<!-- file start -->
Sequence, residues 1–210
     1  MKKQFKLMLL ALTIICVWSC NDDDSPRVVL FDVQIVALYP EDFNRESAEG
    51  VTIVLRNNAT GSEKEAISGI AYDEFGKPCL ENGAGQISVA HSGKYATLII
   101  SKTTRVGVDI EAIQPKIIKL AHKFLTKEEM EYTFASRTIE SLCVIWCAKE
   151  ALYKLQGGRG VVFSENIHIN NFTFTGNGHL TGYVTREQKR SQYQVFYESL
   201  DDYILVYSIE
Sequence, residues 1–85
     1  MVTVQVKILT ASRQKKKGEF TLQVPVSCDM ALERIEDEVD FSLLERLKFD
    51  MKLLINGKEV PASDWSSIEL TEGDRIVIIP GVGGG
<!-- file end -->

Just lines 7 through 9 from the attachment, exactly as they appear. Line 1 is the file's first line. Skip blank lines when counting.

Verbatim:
Sequence, residues 1–85
     1  MVTVQVKILT ASRQKKKGEF TLQVPVSCDM ALERIEDEVD FSLLERLKFD
    51  MKLLINGKEV PASDWSSIEL TEGDRIVIIP GVGGG